Generative AI has taken the world by storm but there’s still some confusion over its applicability in a cyber security context and the extent to which it might be taken up and used for harm by threat actors. But it also turns out that perceptions vary across the security workforce, with AI perceived differently depending on job role. Those tasked with active defence, for instance, appear to be less fazed than the C-suite.
Overall, only 46% of cybersecurity professionals believe they have grasped the impact of AI on cyber security, according to our survey of 205 IT security decision makers conducted in August 2023. Almost a third stated outright they did not understand the technology. Information Security Analysts were the most confident, followed by systems analysts and the CTO. Worryingly, CIOs appear to have the least understanding among the different job roles questioned, with 42% admitting as much.
Leadership is lacking
Such trepidation at a senior level may affect how proactive the business when it comes to addressing AI. It could affect how urgently it is translated into actionable security policies or the prioritisation of user education or the assessment and investment in AI-enabled tools. For these reasons, it’s imperative that the sector familiarise itself with the technology to identifywhere and how it can be used effectively, whether there is a need for upskilling with regard toprompting, and how potential risks can be contained.
The unknowns associated with AI are undoubtedly playing on minds, with 61% of those questioned in the survey apprehensive over the increase in AI use but again CIOs trailed herein comparison, with 55% saying it was cause for concern. The majority (60%) also believed that AI is already increasing the number of cyber security attacks organisations are being subjected to.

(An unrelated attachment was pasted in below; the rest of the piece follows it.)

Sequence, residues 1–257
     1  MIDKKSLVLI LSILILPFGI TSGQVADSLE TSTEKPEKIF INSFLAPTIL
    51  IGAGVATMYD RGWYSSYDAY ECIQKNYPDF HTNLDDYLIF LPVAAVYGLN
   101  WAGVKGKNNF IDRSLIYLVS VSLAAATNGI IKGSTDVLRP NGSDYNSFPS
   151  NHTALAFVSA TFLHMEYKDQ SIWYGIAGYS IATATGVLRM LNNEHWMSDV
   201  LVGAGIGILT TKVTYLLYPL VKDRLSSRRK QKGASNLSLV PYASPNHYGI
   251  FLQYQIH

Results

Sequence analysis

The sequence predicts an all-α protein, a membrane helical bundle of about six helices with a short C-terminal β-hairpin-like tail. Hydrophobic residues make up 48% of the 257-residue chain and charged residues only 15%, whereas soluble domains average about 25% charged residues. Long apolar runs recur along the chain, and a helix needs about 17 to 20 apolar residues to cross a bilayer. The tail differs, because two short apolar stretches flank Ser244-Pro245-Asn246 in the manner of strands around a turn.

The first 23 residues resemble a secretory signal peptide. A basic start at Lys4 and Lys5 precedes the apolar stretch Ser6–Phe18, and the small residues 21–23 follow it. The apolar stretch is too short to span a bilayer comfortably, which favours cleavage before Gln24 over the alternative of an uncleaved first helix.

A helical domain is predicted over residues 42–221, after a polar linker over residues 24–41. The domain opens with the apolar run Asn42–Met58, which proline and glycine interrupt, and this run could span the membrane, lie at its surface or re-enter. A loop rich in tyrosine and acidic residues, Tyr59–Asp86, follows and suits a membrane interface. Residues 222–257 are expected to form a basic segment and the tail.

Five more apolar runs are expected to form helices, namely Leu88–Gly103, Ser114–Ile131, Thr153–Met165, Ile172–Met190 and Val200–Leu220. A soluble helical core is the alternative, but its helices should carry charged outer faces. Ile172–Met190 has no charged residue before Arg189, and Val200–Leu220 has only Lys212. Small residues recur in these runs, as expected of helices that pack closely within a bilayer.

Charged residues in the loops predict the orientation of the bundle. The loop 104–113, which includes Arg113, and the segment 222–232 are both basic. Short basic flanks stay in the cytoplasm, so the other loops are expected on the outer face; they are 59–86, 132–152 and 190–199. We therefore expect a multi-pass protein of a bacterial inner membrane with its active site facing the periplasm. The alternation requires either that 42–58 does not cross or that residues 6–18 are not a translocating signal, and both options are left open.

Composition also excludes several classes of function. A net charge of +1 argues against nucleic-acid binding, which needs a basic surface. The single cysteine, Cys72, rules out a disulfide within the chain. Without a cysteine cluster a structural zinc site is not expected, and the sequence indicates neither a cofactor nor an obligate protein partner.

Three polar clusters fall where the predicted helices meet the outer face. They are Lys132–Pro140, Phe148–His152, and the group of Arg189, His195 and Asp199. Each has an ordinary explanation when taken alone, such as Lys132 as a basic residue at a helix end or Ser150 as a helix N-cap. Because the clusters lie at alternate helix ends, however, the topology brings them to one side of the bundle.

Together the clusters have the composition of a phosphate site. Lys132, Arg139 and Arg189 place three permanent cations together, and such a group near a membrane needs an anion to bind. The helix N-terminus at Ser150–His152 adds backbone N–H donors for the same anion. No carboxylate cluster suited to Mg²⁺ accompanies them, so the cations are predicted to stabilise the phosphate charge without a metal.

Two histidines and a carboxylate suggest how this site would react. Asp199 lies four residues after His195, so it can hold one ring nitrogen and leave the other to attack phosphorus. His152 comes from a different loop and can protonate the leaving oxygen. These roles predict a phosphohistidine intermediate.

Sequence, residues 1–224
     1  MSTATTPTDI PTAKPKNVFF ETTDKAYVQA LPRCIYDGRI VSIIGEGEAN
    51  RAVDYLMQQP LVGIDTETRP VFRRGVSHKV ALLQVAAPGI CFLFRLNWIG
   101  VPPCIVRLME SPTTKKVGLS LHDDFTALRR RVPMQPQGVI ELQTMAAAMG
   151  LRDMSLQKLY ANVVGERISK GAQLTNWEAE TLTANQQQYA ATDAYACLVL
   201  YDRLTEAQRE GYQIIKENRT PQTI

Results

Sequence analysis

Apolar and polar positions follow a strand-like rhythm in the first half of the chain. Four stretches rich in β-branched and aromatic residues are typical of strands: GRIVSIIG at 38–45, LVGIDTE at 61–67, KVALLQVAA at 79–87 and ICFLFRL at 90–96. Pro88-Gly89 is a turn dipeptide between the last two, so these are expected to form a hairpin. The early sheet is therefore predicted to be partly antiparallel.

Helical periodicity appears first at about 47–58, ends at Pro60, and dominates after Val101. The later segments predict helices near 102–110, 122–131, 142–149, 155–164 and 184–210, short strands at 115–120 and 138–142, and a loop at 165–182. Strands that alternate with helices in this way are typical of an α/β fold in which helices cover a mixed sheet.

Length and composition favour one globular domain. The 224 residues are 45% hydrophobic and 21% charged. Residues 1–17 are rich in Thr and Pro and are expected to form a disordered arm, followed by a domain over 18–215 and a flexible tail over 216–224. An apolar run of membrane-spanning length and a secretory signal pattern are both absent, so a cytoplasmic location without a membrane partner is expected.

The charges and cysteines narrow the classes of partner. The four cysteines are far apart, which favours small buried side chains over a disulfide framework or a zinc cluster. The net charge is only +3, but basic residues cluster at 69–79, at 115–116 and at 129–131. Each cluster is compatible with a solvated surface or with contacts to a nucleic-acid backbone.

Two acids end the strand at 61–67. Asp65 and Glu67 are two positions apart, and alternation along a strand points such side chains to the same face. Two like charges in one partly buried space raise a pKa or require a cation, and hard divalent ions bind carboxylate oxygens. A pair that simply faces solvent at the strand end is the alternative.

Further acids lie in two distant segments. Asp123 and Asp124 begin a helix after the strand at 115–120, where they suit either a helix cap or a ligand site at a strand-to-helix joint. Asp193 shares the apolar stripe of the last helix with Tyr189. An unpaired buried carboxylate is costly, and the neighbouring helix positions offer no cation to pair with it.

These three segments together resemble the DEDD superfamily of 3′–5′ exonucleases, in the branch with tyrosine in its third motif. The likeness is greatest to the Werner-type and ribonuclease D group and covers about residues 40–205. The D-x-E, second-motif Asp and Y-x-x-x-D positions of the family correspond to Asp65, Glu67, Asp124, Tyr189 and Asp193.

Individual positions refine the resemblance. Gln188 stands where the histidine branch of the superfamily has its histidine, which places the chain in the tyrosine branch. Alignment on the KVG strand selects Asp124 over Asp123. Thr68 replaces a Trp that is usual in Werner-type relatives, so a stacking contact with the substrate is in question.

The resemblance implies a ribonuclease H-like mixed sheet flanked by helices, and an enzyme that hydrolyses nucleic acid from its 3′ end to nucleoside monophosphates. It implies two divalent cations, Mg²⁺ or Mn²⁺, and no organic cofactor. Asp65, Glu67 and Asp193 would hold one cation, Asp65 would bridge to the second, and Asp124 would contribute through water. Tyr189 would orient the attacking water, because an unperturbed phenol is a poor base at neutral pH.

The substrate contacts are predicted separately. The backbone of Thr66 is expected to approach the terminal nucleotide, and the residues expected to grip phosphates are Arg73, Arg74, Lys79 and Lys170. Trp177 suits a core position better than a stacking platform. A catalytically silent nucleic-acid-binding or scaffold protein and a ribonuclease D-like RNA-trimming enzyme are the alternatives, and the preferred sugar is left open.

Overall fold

Despite worrying over the meteoric rise of the technology, 73% agreed AI is becoming an increasingly important tool for security operations and incident response. The consensus was that incident response would become faster and more accurate as a result, presumably because AI can analyse data at scale, identify threats in real-time and propose possible courses of action in response to findings.
Recognising the potential
More than two-thirds (67%) also believed that using AI improves the efficiency of cyber security operations as AI can automate routine tasks, allowing cyber security professionals to focus on more complex and strategic aspects of their work. This is a fair deduction given that machine learning tools are already widely used today to identify potential threats and respond quickly to any attacks. For example, many security companies are using machine learning algorithms to identify patterns in network traffic and flag any suspicious activity.
These tools are particularly effective when they are combined with the expertise of trained security professionals, who can quickly investigate any potential threats and take appropriate action. In fact, AI is likely to prove beneficial in a threat hunting context as its becoming increasingly good at learning what’s normal for specific environments and this is making it more challenging for attackers who now need to tailor malware to meet rules within individual environments in order to evade detection.